According to the Associated Press, Bill Cosby said in a 2005 deposition that he bought Quaaludes with the intention of giving them to women he wanted to have sex with. In the same deposition, he reportedly admitted to giving drugs to a female former Temple University employee who filed a lawsuit accusing him of rape that same year. The suit claimed that the comedian drugged and raped the woman—later identified as Andrea Constand, the former director of operations for Temple’s women’s basketball program—at his Philadelphia mansion in 2004.
The Associated Press went to court to compel the release of the documents, and they were made public Monday. Cosby’s lawyers had objected on the grounds that it would embarrass their client.
The 77-year-old comedian was testifying under oath in a lawsuit filed by a former Temple University employee. He testified he gave her three half-pills of Benadryl.
The AP reports that Constand’s lawyer, Dolores M. Troiani, expressed doubt that the drug used on her client was actually Benadryl. Two other women reportedly testified that they knowing took Quaaludes from Cosby.
Constand’s lawsuit, which she filed with 11 other women in 2005, was settled out of court in 2006.
Since the lawsuit, Cosby has been accused of drugging and raping dozens of women. In December of last year, he finally resigned from the board of trustees at Temple, where he’d remained a popular figure. The 77-year-old has never been criminally charged with rape, in part because the statute of limitations has expired for most of the alleged assaults.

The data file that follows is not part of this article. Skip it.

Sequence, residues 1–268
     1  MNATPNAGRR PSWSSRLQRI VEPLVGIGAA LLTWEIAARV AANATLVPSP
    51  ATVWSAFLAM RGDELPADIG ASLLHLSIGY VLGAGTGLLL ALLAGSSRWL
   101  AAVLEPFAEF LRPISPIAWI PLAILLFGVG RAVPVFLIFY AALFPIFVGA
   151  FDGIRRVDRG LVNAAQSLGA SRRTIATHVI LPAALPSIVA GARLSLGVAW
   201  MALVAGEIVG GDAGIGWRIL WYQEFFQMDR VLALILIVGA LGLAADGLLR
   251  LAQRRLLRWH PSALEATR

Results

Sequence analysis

In a deposition on September 29, 2005, the comedian was asked, “When you got the Quaaludes, was it in your mind that you were going to use these Quaaludes for young women that you wanted to have sex with?”
“Yes,” responded Cosby.
UPDATE 6:31 pm: From the Associated Press:
Cosby had fought the AP’s efforts to unseal the testimony, with his lawyer arguing the deposition could reveal details of Cosby’s marriage, sex life and prescription drug use.
“It would be terribly embarrassing for this material to come out,” lawyer George M. Gowen III argued in June. He said the public should not have access to what Cosby was forced to say as he answered questions under oath from the accuser’s lawyer nearly a decade ago.
“Frankly ... it would embarrass him, (and) it would also prejudice him in eyes of the jury pool in Massachusetts,” Gowen said.
U.S. District Judge Eduardo Robreno ruled against Cosby last month, asking “Why would he be embarrassed by his own version of the facts?”